Screw it: On finding your “it” thing

April 7, 2015

Never half-ass two things. Whole-ass one thing.
– Ron Swanson

Our guide stood near the mash tun, a glass of Belgian triple resting in her palm. “We used to have a restaurant,” she said, swirling her amber truth serum. “But one day, we said screw it. Because we wanted to be the best at brewing beer, not the best at flipping burgers.”

I raised my own glass in heck-yes-solidarity. Clearly these brewers were graduates of the Ron Swanson School of Whole-Assing, people who really get what it means to chase your own definition of success. You’ve heard me say it before: FORGET FINDING YOUR PASSION. It’s all much simpler than that – but first you need to start with the basics.

Sip, don’t chug.
You have a lot on your plate, I get it. Multitasking has recently become the “binge drinking of the workplace.”

When a bartender sets a beautiful flight of craft brews in front of you, what would you do? Dump them into a giant stein and consume them all at once? Of course not. You’d swirl, sip, and savor. You’d likely finish in an appropriate amount of time for the ABV (or in this case, difficulty of the task).

Keeping 20 tabs open in Chrome doesn’t make you more productive, it makes you Dug from “Up.” It makes you a jack-of-all-trades-and-master-of-none. If we learn to concentrate, one task at a time, we can really begin to focus-in on our work – and we learn which parts of the work are most important to us. This is where you figure out if you should be brewing beer or flipping burgers.

Prioritize. Focus. Finish. Break. Rinse. Repeat.

“We said screw it. Because we wanted to be the best at brewing beer, not the best at flipping burgers.”

Sip, sip, pass.
In our culture of busy, we talk about our out-of-control-workloads and use them to measure our professional worth. Quite often, the load is in our control. That is, if we choose to say “no” more often and delegate smarter. Some of the most productive workers are masters of delegating. I have been (and still am) guilty of hoarding menial tasks because it’s “easier if I just do it myself.” Don’t listen to this voice. It’s the voice of a micromanager, the voice of someone who doesn’t have time for bigger picture items. It’s the voice of someone who will never find that “it” thing, because they’re too busy fixing a paper jam.

Do you have administrative staff, interns, eager-to-learn-employees who are able to help? Pass left, let them have a taste.

Adopt a signature style.
Most small-batch breweries have a specialty beer that is always on tap. This is the one they’ve brewed thousands of times over. They’re known for it. Whether it’s an IPA, lager, oatmeal stout, or Scotch ale – they know which of their brews are the strongest and most popular. It’s like StrengthsFinder for beer.

So once you learn to delegate and have someone else fix the fax-machine-from-hell, you’ll have more time to spend on the good stuff. Now you can hunker down, prioritize, and get in The Zone. You will begin to experience work flow. The more you focus your time and attention on a particular task, the better you will get at doing it. And a beautiful thing will happen – you’ll begin to develop your niche and you’ll find more purpose in your work.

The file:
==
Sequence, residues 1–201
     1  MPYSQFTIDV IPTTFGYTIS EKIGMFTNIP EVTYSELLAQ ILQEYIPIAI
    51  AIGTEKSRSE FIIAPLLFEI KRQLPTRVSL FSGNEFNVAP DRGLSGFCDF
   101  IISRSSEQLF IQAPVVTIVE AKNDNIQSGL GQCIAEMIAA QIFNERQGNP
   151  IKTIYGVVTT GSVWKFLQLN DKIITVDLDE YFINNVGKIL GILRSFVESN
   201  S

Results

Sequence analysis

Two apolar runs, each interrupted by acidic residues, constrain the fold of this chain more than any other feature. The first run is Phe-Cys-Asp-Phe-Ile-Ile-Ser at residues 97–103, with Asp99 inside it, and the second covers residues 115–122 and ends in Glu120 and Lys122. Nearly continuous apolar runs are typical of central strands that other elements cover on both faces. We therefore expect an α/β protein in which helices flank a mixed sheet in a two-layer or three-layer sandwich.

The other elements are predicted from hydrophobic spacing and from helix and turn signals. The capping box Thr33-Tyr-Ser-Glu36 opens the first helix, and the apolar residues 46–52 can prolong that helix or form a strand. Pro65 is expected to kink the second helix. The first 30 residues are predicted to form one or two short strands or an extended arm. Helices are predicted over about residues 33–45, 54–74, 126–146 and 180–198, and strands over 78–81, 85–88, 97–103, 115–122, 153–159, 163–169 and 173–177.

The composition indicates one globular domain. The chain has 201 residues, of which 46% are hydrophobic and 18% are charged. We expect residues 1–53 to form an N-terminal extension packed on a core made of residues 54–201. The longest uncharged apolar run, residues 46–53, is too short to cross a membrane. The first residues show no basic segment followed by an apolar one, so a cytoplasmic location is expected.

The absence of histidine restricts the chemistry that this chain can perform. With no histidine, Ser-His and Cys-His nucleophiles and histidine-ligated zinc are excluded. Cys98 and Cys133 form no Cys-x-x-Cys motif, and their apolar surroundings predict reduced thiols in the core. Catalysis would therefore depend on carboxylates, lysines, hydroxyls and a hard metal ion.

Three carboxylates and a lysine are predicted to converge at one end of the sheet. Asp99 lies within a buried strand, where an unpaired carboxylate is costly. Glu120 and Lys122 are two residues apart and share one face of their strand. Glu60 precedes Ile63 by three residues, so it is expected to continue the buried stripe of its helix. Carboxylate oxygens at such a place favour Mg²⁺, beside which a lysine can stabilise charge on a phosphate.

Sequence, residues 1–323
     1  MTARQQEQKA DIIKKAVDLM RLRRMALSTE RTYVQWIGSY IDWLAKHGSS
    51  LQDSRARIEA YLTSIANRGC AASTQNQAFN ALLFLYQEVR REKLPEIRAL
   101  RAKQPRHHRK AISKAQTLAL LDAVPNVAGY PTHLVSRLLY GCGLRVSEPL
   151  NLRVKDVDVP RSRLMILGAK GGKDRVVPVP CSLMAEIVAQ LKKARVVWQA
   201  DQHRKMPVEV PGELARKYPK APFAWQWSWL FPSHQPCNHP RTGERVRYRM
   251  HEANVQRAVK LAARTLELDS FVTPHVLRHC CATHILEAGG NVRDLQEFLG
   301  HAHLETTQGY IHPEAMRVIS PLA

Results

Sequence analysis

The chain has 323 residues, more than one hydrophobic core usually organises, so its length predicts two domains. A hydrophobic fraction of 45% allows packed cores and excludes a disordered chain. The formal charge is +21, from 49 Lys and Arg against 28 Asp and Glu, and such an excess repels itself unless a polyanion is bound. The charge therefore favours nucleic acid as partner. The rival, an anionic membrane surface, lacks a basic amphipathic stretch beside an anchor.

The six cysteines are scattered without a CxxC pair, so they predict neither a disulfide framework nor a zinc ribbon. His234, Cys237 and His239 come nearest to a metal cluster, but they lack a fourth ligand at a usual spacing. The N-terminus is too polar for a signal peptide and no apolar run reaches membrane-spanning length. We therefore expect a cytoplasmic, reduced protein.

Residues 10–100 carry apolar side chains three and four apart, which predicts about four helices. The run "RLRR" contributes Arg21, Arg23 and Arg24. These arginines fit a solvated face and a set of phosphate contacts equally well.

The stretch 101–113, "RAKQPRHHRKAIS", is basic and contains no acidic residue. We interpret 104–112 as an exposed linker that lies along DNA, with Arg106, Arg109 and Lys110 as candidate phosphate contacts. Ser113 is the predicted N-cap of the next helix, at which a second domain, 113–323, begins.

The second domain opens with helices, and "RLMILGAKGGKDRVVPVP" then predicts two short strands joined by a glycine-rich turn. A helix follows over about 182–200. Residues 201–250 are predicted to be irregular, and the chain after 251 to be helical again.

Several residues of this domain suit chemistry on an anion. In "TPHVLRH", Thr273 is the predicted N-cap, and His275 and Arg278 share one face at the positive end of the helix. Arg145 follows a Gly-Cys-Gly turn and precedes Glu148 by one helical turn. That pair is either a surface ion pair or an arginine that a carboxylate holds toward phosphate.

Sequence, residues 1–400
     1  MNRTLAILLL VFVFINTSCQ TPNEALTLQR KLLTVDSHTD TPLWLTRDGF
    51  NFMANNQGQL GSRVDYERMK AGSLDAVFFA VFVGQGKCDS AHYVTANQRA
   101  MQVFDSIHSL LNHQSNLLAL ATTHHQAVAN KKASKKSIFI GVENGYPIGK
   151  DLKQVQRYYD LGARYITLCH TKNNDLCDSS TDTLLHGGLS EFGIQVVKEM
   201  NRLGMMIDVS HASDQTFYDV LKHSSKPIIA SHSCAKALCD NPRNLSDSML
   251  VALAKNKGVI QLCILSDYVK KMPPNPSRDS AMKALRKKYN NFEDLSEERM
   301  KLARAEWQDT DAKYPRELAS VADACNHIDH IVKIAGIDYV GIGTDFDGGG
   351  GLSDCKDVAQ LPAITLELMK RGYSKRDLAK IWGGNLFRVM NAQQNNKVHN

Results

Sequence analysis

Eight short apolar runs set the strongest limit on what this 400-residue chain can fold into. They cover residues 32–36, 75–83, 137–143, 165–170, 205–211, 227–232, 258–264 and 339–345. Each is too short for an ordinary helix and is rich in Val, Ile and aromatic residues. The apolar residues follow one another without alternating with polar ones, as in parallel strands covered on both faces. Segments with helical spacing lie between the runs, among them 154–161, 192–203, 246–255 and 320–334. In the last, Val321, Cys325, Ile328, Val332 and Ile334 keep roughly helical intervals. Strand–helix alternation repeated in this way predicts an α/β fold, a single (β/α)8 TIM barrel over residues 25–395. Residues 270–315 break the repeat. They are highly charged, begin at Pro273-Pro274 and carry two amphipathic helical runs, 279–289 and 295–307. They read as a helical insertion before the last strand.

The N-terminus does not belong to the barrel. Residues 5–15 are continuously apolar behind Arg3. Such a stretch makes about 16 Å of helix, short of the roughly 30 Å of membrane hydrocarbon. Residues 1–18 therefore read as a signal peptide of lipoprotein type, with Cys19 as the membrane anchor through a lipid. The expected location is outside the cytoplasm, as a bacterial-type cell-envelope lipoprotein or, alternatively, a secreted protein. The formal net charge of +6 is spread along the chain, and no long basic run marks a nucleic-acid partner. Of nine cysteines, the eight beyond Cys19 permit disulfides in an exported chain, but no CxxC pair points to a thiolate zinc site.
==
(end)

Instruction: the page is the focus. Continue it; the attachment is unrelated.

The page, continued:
Takeaway: You can’t get good unless you suck it up and do the damn thing (and do it a lot).

Get better with age.
One of my favorite success quotes comes from the book Outliers, by Malcolm Gladwell. “Practice isn’t the thing you do once you’re good. It’s the thing you do that makes you good.” So to clarify, you can’t just wake up one day and decide that you’re going to open a brewery. First you actually need to brew beer. When my partner and I embarked on our own home brew journey, we thought it’d be a piece of cake. I mean, how hard could it be?

Um, pretty difficult, you guys.

Our first batch, despite the love and care we put into it, was a disaster. The inaugural sip of Stout Baby was pretty good – we were giddy, confident. So we wrapped up 50-or-so bottles to give away as Christmas presents. Later on, we learned that we botched the bottling process and many of our gifts were skunked. Friends don’t let friends drink crappy beer, and ours said, “Merry Christmas, we hate you.” 

In order to get better at brewing, we need do do it more often and learn from our mistakes. We’re no experts, but the brews get a little tastier each time.

The same should be true of your work. Find something that you want to get good at and that will give you a sense of purpose. Dive in with the expectation that you might bite it hard in the beginning. Dive in with the expectation that you’ll spend many hours struggling – Malcolm Gladwell also says that it takes about 10,000 hours of practice to master something. The trick is to pick yourself up and keep going.

“Practice isn’t the thing you do once you’re good. It’s the thing you do that makes you good.” -Malcolm Gladwell, Outliers

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